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‘Reading some of these letters, you have to pinch yourself . . .’ | The Oxford Book of Letters | From the Slightly Foxed archives

Greetings from Slightly Foxed. We’re sorry if it’s taken a little longer than usual for us to reply to you of late, dear readers, but we have been inundated with charming, cheering and heartfelt missives of congratulation for Editors Gail and Hazel on their recently awarded MBEs. To all of you who wrote, rang or simply sent good thoughts in our direction, Gail and Hazel and, indeed, the rest of the Slightly Foxed staff would like to convey our thanks. We wouldn’t be where we are today, and certainly not receiving gongs from His Majesty the King, without your unerring support. We’ve included a few of our favourites from this week’s messages below for your enjoyment.

We appreciate all forms of communication here at SF but there’s something particularly wonderful about the letter: ‘I can recommend it as a means to think about what we have in common with each other. The amount of trust – in the postal system, in language, in the other person – encoded in each letter is staggering’, writes Victoria Neumark in her article on the Oxford Book of Letters in Slightly Foxed Issue No. 13.

Please read on for an extract from Victoria’s epistolary essay and a link to read the article in full for free on our website, together some other notable collections of literary letters for you to add to your libraries. We’re also delighted to include news of a special offer from our friends at Delayed Gratification, celebrating the publication of their 50th issue.

Happy reading and thank you all again for your continuing enthusiasm.

With best wishes, as ever, from the SF office staff

Hattie, Jess & Jemima

Your recent emails and letters of good wishes have been warmly received by Gail and Hazel. While we wait for them to collect their MBEs, we thought you’d all enjoy some highlights from the Slightly Foxed inbox . . .

‘Hearty congratulations to you ALL, well-deserved indeed, and strongly championed by this humble subscriber. Will you have to wear hats?! A minefield of choice and decision-making awaits you!’ P. M.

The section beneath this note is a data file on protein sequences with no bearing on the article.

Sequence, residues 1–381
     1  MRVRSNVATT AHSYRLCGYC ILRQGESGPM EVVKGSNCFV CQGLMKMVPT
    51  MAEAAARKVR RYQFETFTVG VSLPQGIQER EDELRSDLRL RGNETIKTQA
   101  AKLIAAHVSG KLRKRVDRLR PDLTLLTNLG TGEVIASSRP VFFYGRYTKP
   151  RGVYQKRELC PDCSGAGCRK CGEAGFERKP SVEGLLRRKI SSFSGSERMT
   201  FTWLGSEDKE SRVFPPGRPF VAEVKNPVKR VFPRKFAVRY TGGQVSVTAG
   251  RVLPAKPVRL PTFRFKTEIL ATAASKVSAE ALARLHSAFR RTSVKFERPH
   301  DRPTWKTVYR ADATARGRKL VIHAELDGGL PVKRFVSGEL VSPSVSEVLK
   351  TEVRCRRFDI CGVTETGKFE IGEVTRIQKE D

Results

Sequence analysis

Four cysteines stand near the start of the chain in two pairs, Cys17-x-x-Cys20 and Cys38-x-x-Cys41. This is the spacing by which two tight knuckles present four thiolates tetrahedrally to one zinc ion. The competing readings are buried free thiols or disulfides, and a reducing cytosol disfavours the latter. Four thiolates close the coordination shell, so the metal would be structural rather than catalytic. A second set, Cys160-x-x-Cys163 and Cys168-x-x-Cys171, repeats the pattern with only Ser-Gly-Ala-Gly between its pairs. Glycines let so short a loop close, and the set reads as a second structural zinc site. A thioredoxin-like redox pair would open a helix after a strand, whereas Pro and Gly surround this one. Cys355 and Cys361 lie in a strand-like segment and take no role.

‘All your readers all over the world will be sending up a loud cheer. Thank you for the pleasure and interest you have given to so many for so long. The quality of the magazine never dips. It is one of the most truly civilized publications I read.’ H. E.

‘I am in Provence and fairly far into our second bottle of rosé, which may account for the slight stinging tear in my eye. But how completely brilliant! I am so delighted for you both and you deserve it so richly. How very proud you and we should all be. I am glad, paradoxically, that this recognition coincides with some of the most undeserving awards ever. It simply reflects, quite life-affirmingly, that proper people who do proper things transcend the imitators and the self-seekers.’ D. G.

‘Thumping applause (tails a’wagging) from all those trusty Slightly Foxed hounds. Come on, Stanley, Maggie, Gideon, Humphrey, Tarka & Dusty . . . Let’s hear some full-throated barking here; you can make as much noise as you like. From one grateful, long-time subscriber, thank you.’ L. S.

‘Much deserved recognition of the fantastic contribution you bring to the world of books. I’ve lost count of the authors I’ve discovered through reading SF, not to mention old ones rediscovered. Ursula Buchan’s essay on Wavell’s Other Men’s Flowers was particularly poignant.’ D. L.

‘Congratulations to you all for doing a superb job spreading great literature around the world, thus making lots of us more thoughtful and a lot happier. I’ve told you before, but I am so grateful to be a member of the Slightly Foxed family. We all need a photo of the great day!’ A. C.

‘Warmest congratulations! The award could not be better merited. We’re only sorry it’s not a Barony. Still, something for the future. Here in New Zealand the winter was one of discontent until the post arrived on Saturday. The weather is lousy but we are curled up with the latest SF publications and a dram or two of what we fancy, so all’s well with the world.’ S. E.

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